What is an SPD or Summary Plan Description Wrap?
A summary plan description (SPD) contains the gist of the plan document, written in a way that beneficiaries will fully understand.
Per the Employee Retirement Income and Security Act of 1974 (ERISA), all employers must have a written Summary Plan Description (SPD) for each separate welfare benefit plan (e.g., medical, dental, 125 plan, life, disability, etc.). The purpose is to inform participants of eligibility requirements, benefits, claims and appeals procedures, and rights under ERISA. How can an ERISA wrap document simplify meeting SPD requirements?
Service Options for Resellers or Partners
HR Service - SPD Wrap Services
Introducing Our Newest Solution - ERISA eSolutions - 100% Online Tools to Make Compliance Simple and Fast!
ERISA eSolutions provides a web-based Summary Plan Description (SPD) Wrap service that allows clients and their broker to create, store easily, and update summary plan description documents, as needed. With the SPD Wrap, it creates one document and overall SPD required for all health and welfare benefits such as medical, dental, life, disability, FSA, etc. Although insurance providers may provide some information required for compliance, it is a common mistake for employers to think that the summary insurance information they receive from their insurance provider meets their summary.
The Employee Retirement Income Security Acts of 1974 (ERISA) protects individuals under voluntarily established pensions and health plans in private industries.
ERISA does not cover group plans for government entities or churches. It also does not cover plans made only to comply with applicable workers’ compensation, disability, or unemployment laws and those maintained for the benefit of nonresident aliens outside America.
However, there is a difference between plan documents and summary plan descriptions. Plan documents explain the benefits participants are entitled to and provide guidelines to help administrators make informed decisions.
These consist of the following information:
Name of the fiduciary who holds the authority to administer the plan;
Process for amending and terminating the policy;
Source of plan contributions and the distribution of responsibilities between the employer and insurance carrier.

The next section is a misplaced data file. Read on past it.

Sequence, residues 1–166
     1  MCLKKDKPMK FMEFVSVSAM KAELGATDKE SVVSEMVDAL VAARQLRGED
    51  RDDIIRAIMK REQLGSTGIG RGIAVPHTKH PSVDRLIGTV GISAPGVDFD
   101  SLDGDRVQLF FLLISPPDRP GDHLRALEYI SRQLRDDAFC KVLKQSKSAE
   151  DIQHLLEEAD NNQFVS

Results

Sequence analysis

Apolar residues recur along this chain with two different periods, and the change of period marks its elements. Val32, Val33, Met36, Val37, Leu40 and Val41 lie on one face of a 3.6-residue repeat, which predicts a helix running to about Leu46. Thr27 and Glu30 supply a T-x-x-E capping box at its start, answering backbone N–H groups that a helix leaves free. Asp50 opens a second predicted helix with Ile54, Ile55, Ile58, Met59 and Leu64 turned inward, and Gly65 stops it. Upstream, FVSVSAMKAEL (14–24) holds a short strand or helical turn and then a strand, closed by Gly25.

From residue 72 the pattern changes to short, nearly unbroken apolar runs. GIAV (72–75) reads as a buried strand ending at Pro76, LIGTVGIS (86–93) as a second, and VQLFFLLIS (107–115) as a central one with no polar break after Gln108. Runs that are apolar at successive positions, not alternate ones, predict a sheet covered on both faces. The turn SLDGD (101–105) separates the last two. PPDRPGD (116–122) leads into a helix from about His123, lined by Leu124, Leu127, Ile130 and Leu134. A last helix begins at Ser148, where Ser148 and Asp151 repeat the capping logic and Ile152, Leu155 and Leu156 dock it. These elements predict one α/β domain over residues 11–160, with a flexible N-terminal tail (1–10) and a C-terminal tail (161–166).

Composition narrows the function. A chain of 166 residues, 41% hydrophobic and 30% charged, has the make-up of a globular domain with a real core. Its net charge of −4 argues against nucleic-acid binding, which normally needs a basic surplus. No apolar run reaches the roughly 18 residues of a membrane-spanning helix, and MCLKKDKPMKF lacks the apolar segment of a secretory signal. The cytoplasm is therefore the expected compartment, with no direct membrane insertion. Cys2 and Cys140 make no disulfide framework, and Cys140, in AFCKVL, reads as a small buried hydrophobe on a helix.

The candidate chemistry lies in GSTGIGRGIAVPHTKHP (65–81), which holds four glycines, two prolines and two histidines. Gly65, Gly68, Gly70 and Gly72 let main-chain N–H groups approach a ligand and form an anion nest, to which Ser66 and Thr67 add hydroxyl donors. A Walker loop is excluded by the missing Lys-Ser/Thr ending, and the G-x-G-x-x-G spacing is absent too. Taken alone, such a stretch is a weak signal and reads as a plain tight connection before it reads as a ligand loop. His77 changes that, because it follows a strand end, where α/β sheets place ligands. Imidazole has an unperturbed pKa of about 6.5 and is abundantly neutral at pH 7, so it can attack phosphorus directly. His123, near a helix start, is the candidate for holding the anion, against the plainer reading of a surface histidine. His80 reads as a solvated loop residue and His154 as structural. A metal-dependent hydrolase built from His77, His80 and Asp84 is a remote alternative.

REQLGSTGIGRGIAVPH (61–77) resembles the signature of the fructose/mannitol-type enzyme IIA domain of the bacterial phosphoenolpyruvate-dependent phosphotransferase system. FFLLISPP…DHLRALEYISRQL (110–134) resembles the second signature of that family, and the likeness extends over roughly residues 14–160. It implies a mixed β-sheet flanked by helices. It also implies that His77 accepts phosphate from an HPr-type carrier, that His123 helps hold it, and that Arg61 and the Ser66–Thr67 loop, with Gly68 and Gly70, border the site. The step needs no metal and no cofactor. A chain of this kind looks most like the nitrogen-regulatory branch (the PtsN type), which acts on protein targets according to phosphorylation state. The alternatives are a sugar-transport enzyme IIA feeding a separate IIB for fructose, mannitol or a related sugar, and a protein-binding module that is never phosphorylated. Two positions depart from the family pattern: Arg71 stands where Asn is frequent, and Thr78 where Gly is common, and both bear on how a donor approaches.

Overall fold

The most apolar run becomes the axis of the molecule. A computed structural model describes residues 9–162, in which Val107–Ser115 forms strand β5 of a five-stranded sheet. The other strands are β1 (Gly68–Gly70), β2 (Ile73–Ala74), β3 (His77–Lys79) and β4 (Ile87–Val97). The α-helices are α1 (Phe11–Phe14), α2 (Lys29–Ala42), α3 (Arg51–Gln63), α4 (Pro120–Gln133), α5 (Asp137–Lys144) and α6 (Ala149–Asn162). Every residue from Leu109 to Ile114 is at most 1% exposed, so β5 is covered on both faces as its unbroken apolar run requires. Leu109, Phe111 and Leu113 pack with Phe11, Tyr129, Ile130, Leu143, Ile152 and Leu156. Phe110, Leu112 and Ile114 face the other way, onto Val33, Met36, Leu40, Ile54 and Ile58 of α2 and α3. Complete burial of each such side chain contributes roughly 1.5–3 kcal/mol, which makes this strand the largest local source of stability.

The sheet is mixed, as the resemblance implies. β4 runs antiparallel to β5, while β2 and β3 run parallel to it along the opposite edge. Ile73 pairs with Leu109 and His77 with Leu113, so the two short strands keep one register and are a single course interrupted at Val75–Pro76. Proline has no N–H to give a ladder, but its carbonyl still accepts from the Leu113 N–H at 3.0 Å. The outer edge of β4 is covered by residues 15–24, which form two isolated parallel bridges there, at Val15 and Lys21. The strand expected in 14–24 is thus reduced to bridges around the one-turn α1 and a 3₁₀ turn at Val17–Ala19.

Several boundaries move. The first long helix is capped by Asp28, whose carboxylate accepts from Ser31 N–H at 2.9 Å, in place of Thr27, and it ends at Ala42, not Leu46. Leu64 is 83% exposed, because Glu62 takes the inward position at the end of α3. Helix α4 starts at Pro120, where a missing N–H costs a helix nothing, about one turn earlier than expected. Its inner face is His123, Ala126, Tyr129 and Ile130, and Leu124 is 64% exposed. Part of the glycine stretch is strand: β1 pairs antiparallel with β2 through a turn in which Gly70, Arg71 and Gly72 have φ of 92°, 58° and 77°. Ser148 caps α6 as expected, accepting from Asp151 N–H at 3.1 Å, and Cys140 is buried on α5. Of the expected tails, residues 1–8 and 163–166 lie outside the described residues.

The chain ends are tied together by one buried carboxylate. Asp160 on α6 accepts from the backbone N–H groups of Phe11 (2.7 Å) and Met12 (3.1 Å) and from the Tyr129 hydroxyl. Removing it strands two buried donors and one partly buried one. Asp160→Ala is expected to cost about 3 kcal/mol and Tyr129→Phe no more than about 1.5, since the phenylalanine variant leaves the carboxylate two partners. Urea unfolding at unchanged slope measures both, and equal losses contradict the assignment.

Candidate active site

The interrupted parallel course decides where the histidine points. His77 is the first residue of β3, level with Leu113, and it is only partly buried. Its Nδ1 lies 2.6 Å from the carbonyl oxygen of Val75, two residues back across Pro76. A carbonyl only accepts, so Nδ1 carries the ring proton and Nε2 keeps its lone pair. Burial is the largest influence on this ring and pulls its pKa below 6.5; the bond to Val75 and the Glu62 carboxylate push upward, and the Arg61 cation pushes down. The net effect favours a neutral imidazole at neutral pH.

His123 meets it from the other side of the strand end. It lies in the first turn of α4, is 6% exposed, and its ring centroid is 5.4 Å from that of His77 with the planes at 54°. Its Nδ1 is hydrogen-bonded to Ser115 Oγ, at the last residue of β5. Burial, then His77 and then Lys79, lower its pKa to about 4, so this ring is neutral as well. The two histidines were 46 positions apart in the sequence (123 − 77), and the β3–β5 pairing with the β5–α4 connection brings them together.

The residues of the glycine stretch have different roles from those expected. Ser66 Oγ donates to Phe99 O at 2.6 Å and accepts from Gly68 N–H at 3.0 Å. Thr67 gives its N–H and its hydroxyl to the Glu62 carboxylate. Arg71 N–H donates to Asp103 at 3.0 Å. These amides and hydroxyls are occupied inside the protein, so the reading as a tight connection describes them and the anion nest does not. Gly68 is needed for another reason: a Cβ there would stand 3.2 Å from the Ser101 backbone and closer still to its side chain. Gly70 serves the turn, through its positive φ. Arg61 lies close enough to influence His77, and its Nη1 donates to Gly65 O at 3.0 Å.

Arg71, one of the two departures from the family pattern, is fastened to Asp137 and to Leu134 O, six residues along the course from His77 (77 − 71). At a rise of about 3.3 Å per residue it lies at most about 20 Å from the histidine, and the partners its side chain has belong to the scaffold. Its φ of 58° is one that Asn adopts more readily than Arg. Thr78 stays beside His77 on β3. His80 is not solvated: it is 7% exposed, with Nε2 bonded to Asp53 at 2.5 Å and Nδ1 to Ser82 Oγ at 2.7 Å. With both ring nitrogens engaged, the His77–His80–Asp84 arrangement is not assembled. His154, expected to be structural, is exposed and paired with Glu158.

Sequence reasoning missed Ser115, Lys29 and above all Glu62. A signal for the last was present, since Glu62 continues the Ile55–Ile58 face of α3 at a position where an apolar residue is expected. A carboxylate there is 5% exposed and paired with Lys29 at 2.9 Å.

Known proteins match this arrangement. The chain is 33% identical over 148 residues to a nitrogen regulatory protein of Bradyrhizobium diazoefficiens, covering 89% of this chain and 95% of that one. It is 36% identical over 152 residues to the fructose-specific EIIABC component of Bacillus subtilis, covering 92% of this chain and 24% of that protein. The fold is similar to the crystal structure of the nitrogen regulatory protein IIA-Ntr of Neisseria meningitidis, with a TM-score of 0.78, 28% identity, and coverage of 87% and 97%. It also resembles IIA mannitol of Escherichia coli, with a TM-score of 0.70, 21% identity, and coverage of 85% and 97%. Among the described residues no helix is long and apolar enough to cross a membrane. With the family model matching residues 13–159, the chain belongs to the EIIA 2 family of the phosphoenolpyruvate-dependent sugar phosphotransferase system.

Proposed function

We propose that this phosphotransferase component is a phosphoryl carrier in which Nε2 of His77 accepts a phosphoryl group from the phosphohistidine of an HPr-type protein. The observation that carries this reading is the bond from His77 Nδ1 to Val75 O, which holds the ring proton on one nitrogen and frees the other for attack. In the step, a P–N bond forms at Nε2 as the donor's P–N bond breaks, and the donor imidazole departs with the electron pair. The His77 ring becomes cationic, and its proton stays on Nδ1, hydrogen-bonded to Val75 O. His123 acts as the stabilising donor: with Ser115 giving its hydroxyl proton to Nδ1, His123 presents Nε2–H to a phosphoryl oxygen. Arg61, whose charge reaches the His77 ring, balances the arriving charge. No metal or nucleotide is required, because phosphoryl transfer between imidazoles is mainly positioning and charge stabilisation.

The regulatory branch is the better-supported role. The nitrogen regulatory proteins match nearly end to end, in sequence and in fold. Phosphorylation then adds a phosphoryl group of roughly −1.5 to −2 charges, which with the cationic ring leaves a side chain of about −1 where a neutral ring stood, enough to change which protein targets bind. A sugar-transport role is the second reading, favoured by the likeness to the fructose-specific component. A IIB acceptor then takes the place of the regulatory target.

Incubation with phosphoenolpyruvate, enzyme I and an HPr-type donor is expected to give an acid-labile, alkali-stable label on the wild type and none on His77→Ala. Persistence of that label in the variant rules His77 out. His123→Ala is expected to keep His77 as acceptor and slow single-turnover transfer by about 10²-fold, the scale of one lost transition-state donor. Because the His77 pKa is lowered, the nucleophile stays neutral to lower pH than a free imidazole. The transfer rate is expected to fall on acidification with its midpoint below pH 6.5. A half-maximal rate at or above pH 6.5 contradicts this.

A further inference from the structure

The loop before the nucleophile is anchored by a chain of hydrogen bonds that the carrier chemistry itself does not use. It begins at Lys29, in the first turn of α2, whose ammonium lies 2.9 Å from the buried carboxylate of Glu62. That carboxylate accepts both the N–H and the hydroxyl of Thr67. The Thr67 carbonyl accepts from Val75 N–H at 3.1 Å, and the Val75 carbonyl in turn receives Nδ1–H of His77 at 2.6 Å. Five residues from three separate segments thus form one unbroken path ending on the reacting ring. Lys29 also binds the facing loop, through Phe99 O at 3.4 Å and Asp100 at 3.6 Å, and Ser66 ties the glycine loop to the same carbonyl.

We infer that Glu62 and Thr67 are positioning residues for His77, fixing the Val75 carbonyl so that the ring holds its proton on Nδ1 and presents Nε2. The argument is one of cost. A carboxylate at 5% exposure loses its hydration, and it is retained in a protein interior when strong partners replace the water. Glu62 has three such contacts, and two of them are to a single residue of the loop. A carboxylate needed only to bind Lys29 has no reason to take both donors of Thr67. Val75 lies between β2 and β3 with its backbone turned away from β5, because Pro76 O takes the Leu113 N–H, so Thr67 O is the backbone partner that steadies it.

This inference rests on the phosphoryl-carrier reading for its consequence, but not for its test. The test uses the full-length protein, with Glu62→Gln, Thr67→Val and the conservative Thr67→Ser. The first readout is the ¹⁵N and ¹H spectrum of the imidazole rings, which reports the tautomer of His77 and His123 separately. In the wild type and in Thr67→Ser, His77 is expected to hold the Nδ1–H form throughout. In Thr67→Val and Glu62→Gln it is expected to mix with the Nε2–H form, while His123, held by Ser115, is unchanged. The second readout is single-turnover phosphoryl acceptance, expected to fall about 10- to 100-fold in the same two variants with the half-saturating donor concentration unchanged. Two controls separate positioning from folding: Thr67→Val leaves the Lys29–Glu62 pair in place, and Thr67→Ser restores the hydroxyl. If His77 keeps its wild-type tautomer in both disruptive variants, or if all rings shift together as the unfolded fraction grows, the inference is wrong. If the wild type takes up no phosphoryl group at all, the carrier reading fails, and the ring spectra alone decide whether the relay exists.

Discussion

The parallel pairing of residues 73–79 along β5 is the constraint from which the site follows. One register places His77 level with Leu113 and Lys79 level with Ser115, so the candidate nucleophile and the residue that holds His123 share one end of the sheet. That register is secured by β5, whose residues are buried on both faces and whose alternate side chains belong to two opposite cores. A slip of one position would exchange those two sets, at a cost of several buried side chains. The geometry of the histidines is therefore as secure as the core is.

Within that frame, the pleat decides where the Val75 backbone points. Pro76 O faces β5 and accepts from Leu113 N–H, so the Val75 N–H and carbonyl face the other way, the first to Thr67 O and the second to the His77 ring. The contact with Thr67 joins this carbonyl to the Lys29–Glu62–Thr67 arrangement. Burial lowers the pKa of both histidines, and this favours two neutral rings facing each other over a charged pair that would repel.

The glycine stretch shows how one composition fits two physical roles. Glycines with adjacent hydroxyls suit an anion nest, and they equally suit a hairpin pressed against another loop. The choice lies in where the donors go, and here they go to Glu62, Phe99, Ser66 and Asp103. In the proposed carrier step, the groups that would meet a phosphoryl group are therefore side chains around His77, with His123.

ERISA regulates fiduciary duties that cover retirement plans and employee benefits. When a business fails to comply with the requirements stated by ERISA, this may result in penalties, lawsuits, and possible enforcement actions by the Department of Labor.
If you offer group health insurance, you are required to distribute an ERISA Wrap SPD document to all Plan participants within 120 days of the Plan’s effective date.
- The sponsor of an insured plan (not the issuer) is responsible for providing the SPD.
- The insurance certificate typically does not meet all of ERISA’s requirements for SPDs.
- A compliance solution for insured plans is a “wrap document.”
Employers can face fines of up to $2,140/day for each Form 5500 that it files late. The penalty for late delivery of an SPD, SMM, or SAR to a participant is $147/day. These penalties apply to each plan, and they are cumulative and not subject to a statute of limitations.
A common approach is to combine all SPDs into one overall SPD Wrap notice, tying in the required ERISA language and simplifying the SPD notice process. Use ERISA Solutions to create and manage your SPD Wrap, making sure you pass ERISA Audits.
The service includes Summary Material Modifications (SMM) anytime you need to create this notice related to material changes to any of your health and welfare benefit plans.
“If you are sued [under ERISA], the first thing an attorney will do is see if your SPD follows ERISA guidelines,” says Jonathan Edelheit, vice president of United Group Programs, a third-party administrator (TPA) based in Boca Raton, Fla. With such high stakes, it’s important to work with your TPA to write, review and distribute your SPD correctly, and with your plan administrator to create a clear and comprehensive document, and to have the document reviewed by an attorney familiar with ERISA law, even if your TPA has a general counsel. Creating a clear SPD starts with investing in a process designed to pre-empt problems and protect an employer from expensive litigation in the future.